He's disgusted, I thought, staring at the white rug on the floor between us. At me, and at the way my family has treated Anne. I found myself telling him the bits and pieces that I knew about my sister, and I couldn't have been more surprised when, at the end of the session, I suddenly announced I was going to see her.
Now, feeling lost in a sea of dresses that were all beginning to look alike, I was having second thoughts about meeting Anne. Wouldn't it be easier just to leave things as they were, to go on pretending she didn't exist? Perhaps my parents were right. Maybe she was better off not knowing her family. Maybe dropping presents off for her on special occasions is enough, I thought, remembering one Easter afternoon long ago when I caught Dice leaving the house with an enormous stuffed animal in his arms, a white bear with a red ribbon around its neck. "For Anne," he told me. He loaded the bear into the car and drove off without another word. Years went by before her name came up again.
I glanced through some nightgowns, listlessly fingering their nappy white cottons. Frustrated, I turned away from them and, just then, happened to see myself in the mirror. My brown hair, usually down, was pinned up. My dress, a silky thing that hung a few inches below my knees, dated back to when I was a lawyer, as did the pearl stud earrings, and the navy shoes that had high heels as businesslike as a Brooks Brothers suit. I looked prim as a pincushion, and normal as a nun. My mother would like to see me now, I thought. You look perfect, I could hear her saying, the way she used to when I was dressed up for dancing class in the outfits she chose for me. Suddenly I wished I'd worn jeans.
Just then, I noticed a pair of bright red sneakers among the shoes on display in a corner of the store. It was as if they'd been left there just for Anne. Right away, I made up my mind to get them. I didn't know Anne's shoe size and decided she probably wore the same as Laura.
A saleswoman in a tight purple dress that crinkled like crepe paper when she walked came up to me. She was all smiles, but didn't think she had any of those sneakers left. "They're Reeboks, hon. Very popular, you know." I didn't know, or much care, but nodded as if I did.
While she looked for them in the back, I sat down and glanced at my watch. It was one-thirty. I'd be with Anne in half an hour. I took a deep breath and waited, trying to relax. Women were milling all around. Some of them appeared to be in a trance — a shopping trance. I could tell from their glassy stares and the blank expressions on their faces. Others, more animated, fondled leather belts and caressed high-heeled shoes and pocketbooks, exclaiming to whoever happened to walk by, Isn't this adorable? I can't resist it. I could imagine them hosting one of those home shopping programs on television.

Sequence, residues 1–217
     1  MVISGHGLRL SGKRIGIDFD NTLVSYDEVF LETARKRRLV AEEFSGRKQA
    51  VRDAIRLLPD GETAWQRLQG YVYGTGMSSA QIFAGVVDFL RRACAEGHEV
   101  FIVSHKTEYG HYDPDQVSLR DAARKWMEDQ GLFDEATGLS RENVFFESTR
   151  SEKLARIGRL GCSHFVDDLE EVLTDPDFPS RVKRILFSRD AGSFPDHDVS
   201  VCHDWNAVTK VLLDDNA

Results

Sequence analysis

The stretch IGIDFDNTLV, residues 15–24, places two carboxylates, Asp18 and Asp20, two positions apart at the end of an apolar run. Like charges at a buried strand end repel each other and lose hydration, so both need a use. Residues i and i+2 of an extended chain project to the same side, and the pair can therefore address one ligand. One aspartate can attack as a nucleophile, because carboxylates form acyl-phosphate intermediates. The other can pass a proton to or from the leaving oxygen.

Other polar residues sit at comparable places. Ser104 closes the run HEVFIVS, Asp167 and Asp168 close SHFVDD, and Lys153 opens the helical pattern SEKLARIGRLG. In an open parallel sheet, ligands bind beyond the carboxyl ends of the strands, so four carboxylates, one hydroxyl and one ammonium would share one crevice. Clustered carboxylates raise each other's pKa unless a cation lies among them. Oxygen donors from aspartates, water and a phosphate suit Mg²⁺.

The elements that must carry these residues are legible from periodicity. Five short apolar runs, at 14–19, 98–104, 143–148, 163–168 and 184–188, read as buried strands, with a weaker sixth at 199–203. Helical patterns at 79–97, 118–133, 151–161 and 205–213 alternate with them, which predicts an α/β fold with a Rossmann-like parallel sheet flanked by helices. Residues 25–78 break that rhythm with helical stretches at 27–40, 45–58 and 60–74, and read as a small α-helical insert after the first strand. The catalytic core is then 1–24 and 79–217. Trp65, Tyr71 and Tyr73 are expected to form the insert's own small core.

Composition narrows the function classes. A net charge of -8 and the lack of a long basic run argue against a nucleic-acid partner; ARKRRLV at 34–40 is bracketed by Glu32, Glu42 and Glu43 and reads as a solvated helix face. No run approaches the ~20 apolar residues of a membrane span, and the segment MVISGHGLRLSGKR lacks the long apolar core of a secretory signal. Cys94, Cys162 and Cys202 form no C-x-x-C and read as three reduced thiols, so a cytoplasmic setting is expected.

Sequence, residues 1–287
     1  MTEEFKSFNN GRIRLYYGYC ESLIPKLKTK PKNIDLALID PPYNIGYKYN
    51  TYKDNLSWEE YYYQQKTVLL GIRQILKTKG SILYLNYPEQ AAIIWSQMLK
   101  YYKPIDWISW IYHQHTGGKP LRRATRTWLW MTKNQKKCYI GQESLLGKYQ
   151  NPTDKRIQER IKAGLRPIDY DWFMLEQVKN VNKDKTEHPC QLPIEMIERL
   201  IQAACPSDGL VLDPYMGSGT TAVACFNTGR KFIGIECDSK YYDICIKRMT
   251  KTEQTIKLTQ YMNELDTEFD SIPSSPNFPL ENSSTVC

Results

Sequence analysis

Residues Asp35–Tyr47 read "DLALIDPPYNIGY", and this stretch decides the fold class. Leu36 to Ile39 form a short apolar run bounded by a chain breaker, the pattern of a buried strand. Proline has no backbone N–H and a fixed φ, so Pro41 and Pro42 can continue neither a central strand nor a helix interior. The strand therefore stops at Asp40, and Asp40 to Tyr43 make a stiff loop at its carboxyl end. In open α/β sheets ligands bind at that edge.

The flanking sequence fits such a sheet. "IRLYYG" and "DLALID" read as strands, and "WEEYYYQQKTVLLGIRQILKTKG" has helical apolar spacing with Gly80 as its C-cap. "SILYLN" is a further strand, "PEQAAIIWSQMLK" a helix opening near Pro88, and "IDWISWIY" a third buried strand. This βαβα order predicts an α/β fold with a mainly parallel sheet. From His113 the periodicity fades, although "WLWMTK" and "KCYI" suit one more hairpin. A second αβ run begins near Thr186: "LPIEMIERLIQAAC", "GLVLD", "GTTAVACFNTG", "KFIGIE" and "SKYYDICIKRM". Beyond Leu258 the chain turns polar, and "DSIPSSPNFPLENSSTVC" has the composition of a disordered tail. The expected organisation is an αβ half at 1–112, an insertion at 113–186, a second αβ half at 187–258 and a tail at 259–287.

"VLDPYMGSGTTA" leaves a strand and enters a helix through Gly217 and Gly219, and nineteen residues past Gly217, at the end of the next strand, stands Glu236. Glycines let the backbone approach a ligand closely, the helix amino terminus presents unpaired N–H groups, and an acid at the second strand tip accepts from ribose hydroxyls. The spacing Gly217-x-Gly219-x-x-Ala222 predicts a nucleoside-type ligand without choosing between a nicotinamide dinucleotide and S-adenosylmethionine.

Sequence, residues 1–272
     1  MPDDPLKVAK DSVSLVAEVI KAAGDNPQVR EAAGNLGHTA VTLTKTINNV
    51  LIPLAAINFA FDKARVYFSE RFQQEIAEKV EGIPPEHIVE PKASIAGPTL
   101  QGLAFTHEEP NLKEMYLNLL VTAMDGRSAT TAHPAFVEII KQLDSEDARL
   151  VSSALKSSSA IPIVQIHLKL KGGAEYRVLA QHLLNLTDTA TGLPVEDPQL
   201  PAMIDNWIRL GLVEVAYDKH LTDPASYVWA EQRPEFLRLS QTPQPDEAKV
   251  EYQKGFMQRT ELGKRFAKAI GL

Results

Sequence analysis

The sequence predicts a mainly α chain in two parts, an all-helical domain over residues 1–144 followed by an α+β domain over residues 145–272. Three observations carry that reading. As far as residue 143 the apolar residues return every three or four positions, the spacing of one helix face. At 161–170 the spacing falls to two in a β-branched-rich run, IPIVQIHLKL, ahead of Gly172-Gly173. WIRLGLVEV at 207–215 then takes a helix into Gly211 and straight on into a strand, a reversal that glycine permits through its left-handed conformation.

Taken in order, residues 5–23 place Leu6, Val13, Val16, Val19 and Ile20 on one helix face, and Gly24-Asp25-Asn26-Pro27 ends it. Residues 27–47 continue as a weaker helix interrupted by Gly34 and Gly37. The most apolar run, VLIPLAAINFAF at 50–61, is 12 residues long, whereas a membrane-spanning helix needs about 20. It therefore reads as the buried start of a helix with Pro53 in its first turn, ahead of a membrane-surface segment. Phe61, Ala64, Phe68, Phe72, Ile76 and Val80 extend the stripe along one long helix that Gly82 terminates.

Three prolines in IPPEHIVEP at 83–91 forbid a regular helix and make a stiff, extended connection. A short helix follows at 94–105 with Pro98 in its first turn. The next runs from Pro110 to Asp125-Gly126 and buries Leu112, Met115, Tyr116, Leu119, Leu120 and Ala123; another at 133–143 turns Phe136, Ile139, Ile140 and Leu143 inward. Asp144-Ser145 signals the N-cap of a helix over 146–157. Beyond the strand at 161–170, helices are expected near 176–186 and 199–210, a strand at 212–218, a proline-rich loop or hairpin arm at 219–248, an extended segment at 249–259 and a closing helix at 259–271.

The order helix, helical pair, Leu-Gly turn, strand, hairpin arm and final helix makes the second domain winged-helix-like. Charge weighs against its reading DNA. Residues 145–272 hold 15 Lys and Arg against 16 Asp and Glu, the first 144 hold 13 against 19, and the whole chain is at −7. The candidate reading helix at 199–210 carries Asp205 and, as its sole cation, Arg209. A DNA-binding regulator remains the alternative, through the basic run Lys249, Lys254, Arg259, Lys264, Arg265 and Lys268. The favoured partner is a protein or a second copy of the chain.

I'd had enough of that store. I had to get out. Looking around for the lady in purple, I saw to my horror someone I recognized from the law firm. It was Liz Friedman, one of the partners I used to work for.
I wanted to make myself invisible. But she'd already seen me. With a tentative smile on her face, she was coming toward me. Wearing a white tailored shirt tucked inside loose khakis, her white sneakers spotless, Liz still had a runner's body, taut and muscular. She probably still jogs every morning before work, I thought.
"Brucie! It's been ages," she said gaily, her teeth gleaming like an ad for Rembrandt toothpaste.
She was carrying two large white Talbot's shopping bags bulging with clothes. She's finished shopping, I thought, relieved. She won't talk long. I remembered how Liz had always seemed to be so at home in the legal world. She'd mingled easily with clients, even the slick investment bankers who turned my stomach. And yet, there was also something about her that I'd liked. Maybe it was just that she talked about novels she read. A small thing, but in an office full of people who got excited about reading accountants' reports during their spare time, this was nice.
"Liz! What a surprise." My voice sounded strained.
There was an uncomfortable pause during which we just looked at each other, our polite expressions in place. Her fingernails, trimmed short, were polished a pale pink that matched her lipstick, just as I remembered from before.
"You look great," she said. "Shoe shopping today?"
I said "yes" and, quickly changing the subject, asked her about work. Liz talked for a while, and then the saleswoman reappeared, triumphantly waving a shoebox in her hand. Motioning for me to sit, she whisked the red sneakers from the box. "You're in luck! This is the last pair in your size."
I could feel my face flush as I told the saleswoman that the sneakers weren't for me. "They're for someone else."
"That's fine, hon. A gift?"
"Sort of," I said, acutely aware that Liz was listening. I felt awkward, as if I were carrying out some surreptitious mission, and trying to hide it from her, which in a way was the truth.
"Lovely. I'll wrap them for you."
Purple dress rustling, the saleswoman bent over, returned the sneakers to their box, and gently patted tissue paper all around them.
Excerpted from Secret Girl by Molly Bruce Jacobs. Copyright © 2006 Molly Bruce Jacobs. Excerpted by permission of St. Martin's Press.